Despite their acceptance of the lockdown for a bigger cause, people are complaining about many things on social media: the lack of transportation, overcrowded hospitals, shortages of face masks and other protective gear (even in hospitals) and an inability to re-enter Wuhan.

The spread of the virus within China has been accompanied by wide reports of discrimination against people from that city, although lists of hotels willing to host Wuhan people travelling outside the city are also being circulated online.

Social media such as Weixin (WeChat) did not exist at the time of SARS. It has become a key medium and tool for people to survive isolation, seek help, co-ordinate donations and push the local government for information transparency. Five days after the lockdown, residents in several high-rise buildings in Wuhan mobilized themselves through social media to lift their spirits by simultaneously opening their apartment windows to chant “stay strong (jiāyóu), Wuhan” and sing the national anthem.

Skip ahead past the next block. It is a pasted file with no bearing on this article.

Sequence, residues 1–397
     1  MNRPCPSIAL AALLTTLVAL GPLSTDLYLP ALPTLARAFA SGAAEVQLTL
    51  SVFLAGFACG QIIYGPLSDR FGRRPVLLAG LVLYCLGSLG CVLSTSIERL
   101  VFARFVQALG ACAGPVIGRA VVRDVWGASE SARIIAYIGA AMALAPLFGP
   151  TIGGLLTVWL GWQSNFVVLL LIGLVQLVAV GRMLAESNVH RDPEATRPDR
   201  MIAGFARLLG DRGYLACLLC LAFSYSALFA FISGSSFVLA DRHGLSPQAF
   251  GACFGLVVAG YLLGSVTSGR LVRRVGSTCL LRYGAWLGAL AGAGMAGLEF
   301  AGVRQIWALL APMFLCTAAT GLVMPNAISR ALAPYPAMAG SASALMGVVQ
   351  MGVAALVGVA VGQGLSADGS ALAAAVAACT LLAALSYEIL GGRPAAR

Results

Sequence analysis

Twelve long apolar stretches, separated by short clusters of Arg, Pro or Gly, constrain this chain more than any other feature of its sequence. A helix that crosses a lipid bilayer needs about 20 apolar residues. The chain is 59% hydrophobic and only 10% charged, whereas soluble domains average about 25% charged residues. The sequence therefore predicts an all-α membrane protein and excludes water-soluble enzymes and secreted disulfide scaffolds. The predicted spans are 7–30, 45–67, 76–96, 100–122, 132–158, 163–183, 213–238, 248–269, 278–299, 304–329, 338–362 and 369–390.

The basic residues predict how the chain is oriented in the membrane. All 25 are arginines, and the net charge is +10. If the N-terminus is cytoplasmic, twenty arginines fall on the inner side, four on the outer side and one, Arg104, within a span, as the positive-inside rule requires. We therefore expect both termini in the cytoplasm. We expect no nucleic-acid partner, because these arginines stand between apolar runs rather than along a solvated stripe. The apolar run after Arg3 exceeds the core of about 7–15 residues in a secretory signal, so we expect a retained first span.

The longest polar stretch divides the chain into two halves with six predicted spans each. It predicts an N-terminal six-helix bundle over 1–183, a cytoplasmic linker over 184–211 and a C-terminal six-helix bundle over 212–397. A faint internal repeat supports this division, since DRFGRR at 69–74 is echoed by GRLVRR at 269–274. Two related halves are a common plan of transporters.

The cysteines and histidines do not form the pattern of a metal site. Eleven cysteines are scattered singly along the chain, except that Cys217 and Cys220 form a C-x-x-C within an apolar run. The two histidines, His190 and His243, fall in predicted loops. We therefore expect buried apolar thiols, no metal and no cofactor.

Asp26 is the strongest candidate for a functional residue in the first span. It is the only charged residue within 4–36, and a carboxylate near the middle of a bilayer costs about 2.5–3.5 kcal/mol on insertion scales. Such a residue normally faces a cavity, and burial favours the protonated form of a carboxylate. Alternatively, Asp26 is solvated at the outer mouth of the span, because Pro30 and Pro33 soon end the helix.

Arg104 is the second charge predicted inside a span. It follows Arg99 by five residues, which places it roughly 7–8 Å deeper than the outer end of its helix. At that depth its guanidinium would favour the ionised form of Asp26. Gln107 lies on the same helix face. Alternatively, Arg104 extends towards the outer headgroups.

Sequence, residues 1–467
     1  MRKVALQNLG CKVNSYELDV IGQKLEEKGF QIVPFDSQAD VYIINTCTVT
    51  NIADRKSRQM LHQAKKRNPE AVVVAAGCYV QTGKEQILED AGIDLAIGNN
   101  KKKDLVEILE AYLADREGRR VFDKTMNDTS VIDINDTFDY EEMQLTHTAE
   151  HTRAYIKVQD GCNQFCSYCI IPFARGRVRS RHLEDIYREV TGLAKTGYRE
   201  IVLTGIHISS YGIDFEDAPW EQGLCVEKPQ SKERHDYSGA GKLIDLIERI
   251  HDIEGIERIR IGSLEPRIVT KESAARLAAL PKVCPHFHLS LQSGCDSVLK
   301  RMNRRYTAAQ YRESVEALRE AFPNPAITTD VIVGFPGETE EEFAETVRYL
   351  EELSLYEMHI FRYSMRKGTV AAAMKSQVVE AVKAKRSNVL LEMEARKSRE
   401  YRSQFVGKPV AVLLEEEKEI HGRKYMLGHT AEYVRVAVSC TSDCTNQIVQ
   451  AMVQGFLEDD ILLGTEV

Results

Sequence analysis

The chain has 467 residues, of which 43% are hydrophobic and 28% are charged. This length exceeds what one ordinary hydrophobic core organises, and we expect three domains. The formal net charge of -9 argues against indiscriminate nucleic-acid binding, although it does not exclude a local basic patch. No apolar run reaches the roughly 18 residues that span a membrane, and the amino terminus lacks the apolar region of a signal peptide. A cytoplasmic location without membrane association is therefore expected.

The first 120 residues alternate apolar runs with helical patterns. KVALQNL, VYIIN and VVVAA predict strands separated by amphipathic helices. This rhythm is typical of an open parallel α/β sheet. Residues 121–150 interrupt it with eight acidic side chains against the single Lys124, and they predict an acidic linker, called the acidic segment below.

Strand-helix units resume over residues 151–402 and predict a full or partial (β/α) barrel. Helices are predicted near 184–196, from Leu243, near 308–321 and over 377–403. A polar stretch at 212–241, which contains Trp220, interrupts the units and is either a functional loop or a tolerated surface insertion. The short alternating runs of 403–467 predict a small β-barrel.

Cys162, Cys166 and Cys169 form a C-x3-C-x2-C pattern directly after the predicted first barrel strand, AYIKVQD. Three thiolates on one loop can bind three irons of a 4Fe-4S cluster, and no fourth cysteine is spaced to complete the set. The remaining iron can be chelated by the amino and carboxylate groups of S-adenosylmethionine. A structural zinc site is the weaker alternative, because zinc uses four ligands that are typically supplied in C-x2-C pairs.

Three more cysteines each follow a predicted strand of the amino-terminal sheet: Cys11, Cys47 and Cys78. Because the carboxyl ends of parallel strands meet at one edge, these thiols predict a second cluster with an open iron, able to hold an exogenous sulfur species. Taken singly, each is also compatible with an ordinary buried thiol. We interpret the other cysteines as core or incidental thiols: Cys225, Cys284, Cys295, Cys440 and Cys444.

Humorous memes have also figured prominently on social media, offering some relief from the increasingly intense worries: “Staying at home is helping the world” and “It feels great that I can finally contribute to society by lying on the couch and doing nothing.”

Although Wuhan, like other Chinese cities, is now under quarantine, it is important that the world — including Canadians — should continue to bear witness to them, their affliction, their challenges, their efforts and their autonomy. Seeing them beyond isolation will also help us to think about our own connections in this globalized world and, thus, to act beyond our self-centred fears.The Conversation

 

Yanqiu Rachel Zhou, Professor, Social Sciences, McMaster University

This article is republished from The Conversation under a Creative Commons license. Read the original article.